I've attached some more photos from the 1920 timeframe to give you some idea of the arrangement.

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There are drawings for some if not all of these structures. These were originally held by the ECC office, and I believe later donated to Wheal Martyn/China Clay History Society. They may now be in the Kresen Kernow archives, or in the separate CCHS archives which sadly are not open to the public. I'd advise arranging to meet the relevant archivists and historians in person, as I've had no luck getting them to respond to emails. Kresen Kernow does, I believe, have a searchable archive list, so you'll be able to see whether they hold anything you might want to look at.

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Many thanks for the photos and additional information. The first of your pics.. the one taken from the North end of the loader_is especially useful as it clearly shows that the entire structure seems to be on raised girders.

 

Very useful.. Thanks

 

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38 minutes ago, DavidMatthewson said:

Many thanks for the photos and additional information. The first of your pics.. the one taken from the North end of the loader_is especially useful as it clearly shows that the entire structure seems to be on raised girders.

 

Very useful.. Thanks

 


The whole loader is actually on a jetty somewhat parallel with the shore. If you look to the right of it you can see the water. This was later filled in, I think coinciding with the closure of the Fowey-Par line, and concentration of unloading at No 8 jetty. Interestingly enough, a large part of the original loader still remains in use today, almost 100 years old now!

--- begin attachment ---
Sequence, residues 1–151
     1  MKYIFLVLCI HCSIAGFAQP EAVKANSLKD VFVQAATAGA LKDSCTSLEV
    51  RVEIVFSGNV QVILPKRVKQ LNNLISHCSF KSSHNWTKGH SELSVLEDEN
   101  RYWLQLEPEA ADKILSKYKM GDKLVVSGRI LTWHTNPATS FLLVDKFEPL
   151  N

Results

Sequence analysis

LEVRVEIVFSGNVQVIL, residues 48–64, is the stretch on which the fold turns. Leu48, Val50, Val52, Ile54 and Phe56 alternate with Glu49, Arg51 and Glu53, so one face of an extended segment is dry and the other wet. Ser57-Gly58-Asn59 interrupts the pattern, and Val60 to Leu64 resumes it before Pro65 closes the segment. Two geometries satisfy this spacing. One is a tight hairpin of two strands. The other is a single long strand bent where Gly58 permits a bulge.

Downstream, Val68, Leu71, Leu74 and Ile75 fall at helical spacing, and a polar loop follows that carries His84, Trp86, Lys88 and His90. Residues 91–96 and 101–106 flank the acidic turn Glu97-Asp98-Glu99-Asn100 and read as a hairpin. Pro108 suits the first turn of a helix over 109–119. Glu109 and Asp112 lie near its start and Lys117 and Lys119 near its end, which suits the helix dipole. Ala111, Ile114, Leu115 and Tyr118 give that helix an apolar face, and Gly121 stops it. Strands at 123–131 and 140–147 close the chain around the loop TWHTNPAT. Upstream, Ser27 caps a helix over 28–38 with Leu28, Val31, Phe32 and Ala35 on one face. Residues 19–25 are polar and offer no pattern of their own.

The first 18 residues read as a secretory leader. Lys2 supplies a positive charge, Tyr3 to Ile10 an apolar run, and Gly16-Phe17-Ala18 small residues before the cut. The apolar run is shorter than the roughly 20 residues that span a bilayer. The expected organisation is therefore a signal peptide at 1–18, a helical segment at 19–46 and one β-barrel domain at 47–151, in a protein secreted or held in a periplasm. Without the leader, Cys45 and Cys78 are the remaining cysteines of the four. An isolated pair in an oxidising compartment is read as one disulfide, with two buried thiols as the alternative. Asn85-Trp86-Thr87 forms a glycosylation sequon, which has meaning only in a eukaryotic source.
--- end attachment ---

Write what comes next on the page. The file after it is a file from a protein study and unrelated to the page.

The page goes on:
There's more information on the history of the harbour here:
https://www.foweyharbourhistory.com/uploads/2/0/9/0/20909932/a_brief_history_of_fowey_harbour_chapter_1.pdf

Edited by Stoker
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Yep from 1920s to 1960s not much changed. Through the 70s the industry changed so much that by the end of the decade it was beyond recognition for the old boys. Fowey included.

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10 minutes ago, DavidMatthewson said:

but as for the rest, all changed or gone.. ;{

 

Even Chuffer's Restaurant (beside what used to be the Fowey Station site) is, alas, no more.

 

This was, allegedly, the last known refuge of Chuffer Dandridge. Infamously, the resting (and perpetually impecunious) Shakespearean actor-manager who used to appear on Terry Wogan's breakfast broadcasts on Radio Two. With increasingly desperate attempts to find paying work.

 

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4 hours ago, DavidMatthewson said: